Consoles – I thought that getting a games console would be a nice idea; something that we could play together as a family. I was so wrong. One piece of advice that I would give to any parents- to-be would be to not ever buy any electronic device for your child. Ever. Don’t worry that they might feel as though they are missing out or stand out as different at school. Trust me, you will be doing them and you a huge favour. It is so easy to fall into the ‘oh well if I let them play on that for a while, I can just …’, don’t do it. You will be saving yourselves years of ‘I just need to finish this level’, ‘I’m in the middle of a game’ and the general apathy and poor listening skills that come from hours of gaming. If you do need to use it, always use in moderation. They will thank you for it one day.
Tantrums – You expect tantrums, it is all part of the parenting process. You do get some (smug) parents who say that their little lovelies don’t ever have tantrums and I must admit that I just quietly think to myself that those children will grow up to be really stroppy teenagers. Mine have all gone through a variety of tantrum phases. I have had the terrible twos, the traumatic threes, the fearsome fours, the fiery fives and on it goes. Each child has been unique in when and what causes these tantrums and after the panic stricken terror that I felt in the early days of parenting, I have become a dab hand and ignoring them now. As long as they are safe, ignore it. You may get some disapproving looks if you are in public but who cares. Ignorance is an essential part of parenting and should be used when necessary. Failing that, have a tantrum yourself and show them how silly they look. I may have done this once or twice and it definitely makes them think.
Ears – This may come as a surprise but your darling offspring have ears and being all young and all, their hearing is amazing. So amazing in fact that they hear everything and once they are old enough, they can and will use it against you. Those swear words that quietly slip out when someone pulls out on you when you’re driving? They are listening and storing them ready to use at a time of maximum humiliation on your part. Those private conversations that you are trying to have when you think that they are playing nicely? They are listening as though their lives depend on it and will grill you later about the finer points or even better bypass you altogether and just tell their teachers all about it. Those comments that virtually mouth about other people? Oh yes, they are ready to act as a loud speaker and shout out your comments to anyone that will listen. Interestingly though, my children do have fantastic hearing, yet there are times when it seems to fail them; bath time, homework time, time to get up in the morning to name but a few. Selective hearing I think they call it.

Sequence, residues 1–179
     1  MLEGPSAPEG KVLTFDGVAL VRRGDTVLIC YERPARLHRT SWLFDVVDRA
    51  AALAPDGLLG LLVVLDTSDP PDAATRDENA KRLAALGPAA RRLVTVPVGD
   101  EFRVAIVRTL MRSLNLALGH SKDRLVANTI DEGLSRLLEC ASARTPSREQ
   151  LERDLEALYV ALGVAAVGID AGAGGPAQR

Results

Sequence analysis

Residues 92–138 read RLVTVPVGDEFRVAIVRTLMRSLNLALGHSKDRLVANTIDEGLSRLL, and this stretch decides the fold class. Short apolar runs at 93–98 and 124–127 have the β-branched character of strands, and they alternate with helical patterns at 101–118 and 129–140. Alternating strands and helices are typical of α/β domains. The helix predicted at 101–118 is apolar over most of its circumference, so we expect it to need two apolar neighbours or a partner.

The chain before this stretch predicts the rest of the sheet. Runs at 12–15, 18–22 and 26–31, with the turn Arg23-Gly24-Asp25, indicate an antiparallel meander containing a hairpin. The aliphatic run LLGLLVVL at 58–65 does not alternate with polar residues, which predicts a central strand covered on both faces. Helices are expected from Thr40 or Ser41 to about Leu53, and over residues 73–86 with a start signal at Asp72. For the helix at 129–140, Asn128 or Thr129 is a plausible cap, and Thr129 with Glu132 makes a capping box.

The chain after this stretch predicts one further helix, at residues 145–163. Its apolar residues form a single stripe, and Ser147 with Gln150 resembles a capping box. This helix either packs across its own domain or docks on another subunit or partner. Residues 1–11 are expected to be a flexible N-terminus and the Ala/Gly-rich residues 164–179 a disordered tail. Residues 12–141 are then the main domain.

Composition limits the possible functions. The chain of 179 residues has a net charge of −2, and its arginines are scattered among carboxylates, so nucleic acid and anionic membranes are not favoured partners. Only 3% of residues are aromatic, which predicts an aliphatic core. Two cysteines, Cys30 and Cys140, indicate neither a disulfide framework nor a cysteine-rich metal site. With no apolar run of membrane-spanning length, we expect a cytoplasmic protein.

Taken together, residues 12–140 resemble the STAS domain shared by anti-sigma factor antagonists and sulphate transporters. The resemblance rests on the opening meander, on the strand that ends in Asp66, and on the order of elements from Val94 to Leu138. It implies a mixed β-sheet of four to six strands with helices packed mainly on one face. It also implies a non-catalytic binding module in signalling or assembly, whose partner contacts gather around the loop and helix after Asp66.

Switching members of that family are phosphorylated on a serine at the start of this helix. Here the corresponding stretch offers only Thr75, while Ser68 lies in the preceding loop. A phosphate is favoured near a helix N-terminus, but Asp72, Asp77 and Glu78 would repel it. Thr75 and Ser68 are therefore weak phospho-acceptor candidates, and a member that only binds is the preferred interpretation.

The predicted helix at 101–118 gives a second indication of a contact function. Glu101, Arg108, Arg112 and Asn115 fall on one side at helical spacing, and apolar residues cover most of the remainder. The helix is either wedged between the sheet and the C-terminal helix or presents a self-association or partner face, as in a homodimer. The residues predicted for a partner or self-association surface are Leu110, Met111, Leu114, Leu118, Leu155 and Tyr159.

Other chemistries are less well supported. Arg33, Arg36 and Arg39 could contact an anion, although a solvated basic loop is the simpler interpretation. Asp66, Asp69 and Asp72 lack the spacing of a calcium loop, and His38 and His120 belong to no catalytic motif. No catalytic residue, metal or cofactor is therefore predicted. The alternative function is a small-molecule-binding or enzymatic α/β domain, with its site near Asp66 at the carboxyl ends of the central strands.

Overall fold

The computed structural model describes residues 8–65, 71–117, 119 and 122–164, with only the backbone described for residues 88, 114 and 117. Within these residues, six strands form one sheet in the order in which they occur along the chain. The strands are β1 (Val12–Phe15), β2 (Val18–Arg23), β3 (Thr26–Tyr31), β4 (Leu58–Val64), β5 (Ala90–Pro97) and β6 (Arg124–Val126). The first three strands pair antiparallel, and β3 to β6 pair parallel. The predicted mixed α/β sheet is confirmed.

Delight – I did toy with using debt as my last one as these children are expensive little devils but I thought I would end on a positive. For all the ups and downs of being a parenting; being a parent will be an unending source of delight. Smiles, snuggles, tickles, games, fun days out, there is always something good going on and I love it and the challenging bits? Well, they are there to make you a better parent and to make the good bits seem even better.
Which part of parenting have you found to be the most unexpected?